SUNNY CAL JOURNAL - 2003: Who Will Hand Out Plaques, Now That A. James Manchin Is Gone

No Other WV Politico Has Yet Mastered Giving Plaques And Trickets

By Bob Weaver 2003

Undoubtedly, he was West Virginia's most colorful politician, ever.

Delegate A. James Manchin died at age 76 yesterday morning of a heart attack.

Rotund, outrageous and verbose, Manchin made his mark one way or another with the citizens of West Virginia in a career that spanned over 50 years.

He had served as Secretary of State and State Treasurer, a job he lost through impeachment for mishandling investment funds, but not stealing them.

It would be few West Virginia households, that upon a search could not find some kind of certificate of honor, memento or plaque personally bestowed upon a citizen of the dwelling at some time or other.

Then there was that hat - a fedora, which he gave away.

Calhouners will first recall A. James coming to the county nearly 40 years ago as the "REAP" director, collecting old junk cars from hollows and roadways. A. James carried a scythe on his shoulder, demonstrating his war on junk, climbing on top of rusted vehicles pounding them with a sledge and making eloquent speeches about West Virginia.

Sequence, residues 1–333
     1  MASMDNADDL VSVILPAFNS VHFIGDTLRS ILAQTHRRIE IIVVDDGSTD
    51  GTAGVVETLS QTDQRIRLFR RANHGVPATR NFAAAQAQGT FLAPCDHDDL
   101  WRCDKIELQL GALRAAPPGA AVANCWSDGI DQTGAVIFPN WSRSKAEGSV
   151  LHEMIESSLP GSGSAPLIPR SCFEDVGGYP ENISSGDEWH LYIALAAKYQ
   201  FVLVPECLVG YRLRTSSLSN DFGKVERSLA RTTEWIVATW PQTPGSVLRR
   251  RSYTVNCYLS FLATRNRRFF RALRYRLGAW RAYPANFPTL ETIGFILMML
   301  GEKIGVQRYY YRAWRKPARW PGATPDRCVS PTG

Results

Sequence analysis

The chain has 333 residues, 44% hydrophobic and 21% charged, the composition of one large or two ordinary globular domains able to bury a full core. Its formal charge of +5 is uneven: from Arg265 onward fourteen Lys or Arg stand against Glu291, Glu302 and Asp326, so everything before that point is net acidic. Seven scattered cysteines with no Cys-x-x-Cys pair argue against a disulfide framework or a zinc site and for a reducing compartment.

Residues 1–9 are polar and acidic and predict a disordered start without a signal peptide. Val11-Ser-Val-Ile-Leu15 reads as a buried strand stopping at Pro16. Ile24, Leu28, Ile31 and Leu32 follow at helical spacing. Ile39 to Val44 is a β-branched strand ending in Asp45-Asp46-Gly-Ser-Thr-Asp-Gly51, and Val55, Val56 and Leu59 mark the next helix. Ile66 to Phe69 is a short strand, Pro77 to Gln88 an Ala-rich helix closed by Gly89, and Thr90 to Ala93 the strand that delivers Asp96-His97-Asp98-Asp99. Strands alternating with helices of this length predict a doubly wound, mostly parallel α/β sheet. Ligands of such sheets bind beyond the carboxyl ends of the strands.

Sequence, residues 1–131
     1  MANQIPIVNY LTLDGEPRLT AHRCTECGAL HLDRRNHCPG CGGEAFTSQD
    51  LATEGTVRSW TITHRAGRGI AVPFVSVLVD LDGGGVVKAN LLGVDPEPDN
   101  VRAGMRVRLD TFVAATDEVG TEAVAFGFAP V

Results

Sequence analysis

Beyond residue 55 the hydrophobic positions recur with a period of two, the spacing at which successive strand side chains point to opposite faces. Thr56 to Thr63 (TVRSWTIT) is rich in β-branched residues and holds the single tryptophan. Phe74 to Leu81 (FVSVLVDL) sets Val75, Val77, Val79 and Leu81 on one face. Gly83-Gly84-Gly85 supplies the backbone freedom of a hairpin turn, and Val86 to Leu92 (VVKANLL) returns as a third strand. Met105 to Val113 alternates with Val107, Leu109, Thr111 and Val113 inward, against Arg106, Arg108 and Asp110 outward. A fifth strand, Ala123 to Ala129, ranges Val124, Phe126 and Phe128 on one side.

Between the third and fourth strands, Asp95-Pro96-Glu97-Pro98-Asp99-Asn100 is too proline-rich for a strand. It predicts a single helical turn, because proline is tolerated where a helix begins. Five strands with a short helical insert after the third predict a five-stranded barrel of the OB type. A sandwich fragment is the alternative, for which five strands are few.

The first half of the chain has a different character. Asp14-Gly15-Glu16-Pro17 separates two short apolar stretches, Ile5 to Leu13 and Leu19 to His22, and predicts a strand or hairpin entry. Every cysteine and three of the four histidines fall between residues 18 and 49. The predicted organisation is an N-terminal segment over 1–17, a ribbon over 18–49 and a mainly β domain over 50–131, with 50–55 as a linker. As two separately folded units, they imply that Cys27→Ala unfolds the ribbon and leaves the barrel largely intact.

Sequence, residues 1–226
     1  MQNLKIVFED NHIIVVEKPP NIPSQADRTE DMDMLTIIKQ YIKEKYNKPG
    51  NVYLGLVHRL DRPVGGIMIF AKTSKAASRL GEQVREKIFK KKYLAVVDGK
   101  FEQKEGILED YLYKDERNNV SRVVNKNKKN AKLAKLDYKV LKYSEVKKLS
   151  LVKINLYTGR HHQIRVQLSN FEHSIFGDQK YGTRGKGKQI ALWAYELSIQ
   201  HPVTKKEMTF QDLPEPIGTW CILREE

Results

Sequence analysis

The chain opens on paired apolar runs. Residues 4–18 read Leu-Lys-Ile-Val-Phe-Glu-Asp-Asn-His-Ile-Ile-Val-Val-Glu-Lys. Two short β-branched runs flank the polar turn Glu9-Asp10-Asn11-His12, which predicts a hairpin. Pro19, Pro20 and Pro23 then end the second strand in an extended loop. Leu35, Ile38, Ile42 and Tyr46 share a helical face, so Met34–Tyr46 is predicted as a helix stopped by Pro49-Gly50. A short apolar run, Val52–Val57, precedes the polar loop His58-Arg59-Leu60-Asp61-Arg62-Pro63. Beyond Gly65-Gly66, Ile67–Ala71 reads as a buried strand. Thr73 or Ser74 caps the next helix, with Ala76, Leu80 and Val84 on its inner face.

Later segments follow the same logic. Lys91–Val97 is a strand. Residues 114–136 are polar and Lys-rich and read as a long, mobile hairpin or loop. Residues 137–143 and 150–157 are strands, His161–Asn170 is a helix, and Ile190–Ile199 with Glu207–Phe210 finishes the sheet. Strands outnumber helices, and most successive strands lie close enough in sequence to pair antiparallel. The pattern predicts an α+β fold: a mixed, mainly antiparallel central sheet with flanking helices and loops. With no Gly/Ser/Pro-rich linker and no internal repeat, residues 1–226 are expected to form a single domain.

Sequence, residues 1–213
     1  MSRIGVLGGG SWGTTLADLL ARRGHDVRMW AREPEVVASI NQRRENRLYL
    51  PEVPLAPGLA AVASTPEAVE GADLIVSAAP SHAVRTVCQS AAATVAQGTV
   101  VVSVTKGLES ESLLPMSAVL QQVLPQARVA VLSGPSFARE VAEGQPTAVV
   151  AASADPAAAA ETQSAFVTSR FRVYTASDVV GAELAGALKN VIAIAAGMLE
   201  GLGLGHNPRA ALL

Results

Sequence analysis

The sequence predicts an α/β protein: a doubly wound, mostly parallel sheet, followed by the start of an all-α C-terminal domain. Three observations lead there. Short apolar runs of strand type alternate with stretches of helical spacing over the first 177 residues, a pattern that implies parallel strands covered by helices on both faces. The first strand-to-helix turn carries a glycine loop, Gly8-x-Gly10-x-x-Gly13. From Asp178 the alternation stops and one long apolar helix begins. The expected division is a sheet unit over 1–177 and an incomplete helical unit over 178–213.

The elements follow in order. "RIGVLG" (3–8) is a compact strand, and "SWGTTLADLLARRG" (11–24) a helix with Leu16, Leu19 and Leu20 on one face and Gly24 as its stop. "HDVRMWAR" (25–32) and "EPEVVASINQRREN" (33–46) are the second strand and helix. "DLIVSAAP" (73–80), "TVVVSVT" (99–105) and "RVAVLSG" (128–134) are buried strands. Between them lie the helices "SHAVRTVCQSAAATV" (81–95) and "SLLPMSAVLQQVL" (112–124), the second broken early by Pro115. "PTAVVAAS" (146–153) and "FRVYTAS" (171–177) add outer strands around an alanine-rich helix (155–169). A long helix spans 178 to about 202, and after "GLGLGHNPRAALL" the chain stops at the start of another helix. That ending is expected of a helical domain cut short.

It was a created political job, which to him was the most important job in the world.

I got a plaque or certificate from A. James myself, when I did the Heimlich Maneuver on a senior citizen in a restaurant, the woman ejecting a bolus of meat from her choking windpipe.

The accolades and praise from him, overwhelming and embarrassing, saying "This man is truly an American Hero."

Then I got another patriotic award, I think, for breathing, or something like being a voter.

Not long ago I was in a house not far from Chloe, and hanging on the wall, a Manchin parchment, right beside a framed portrait of John F. Kennedy.

Manchin told story after story of growing up in the tiny town of Farmington, a coal camp.

He was known for his strong command of the English language and had a penchant for oratory and extemporaneous speaking. None of his floor speeches were scripted.

He could quickly size up his audience, small or large, and tell them exactly what they wanted to hear.

I can hear him now, making a speech about crossing over to netherworld, saying good-bye to "the wonderful state of West Virginia" and hello to heaven.

St. Peter will have to say "James, calm down now. There are no voters around here."

But maybe we should give him a plaque for his casket, to take with him.

I will withhold most of my A. James stories until after the funeral, and then I'm sure I'd have his after-death permission to pass them on for your edification.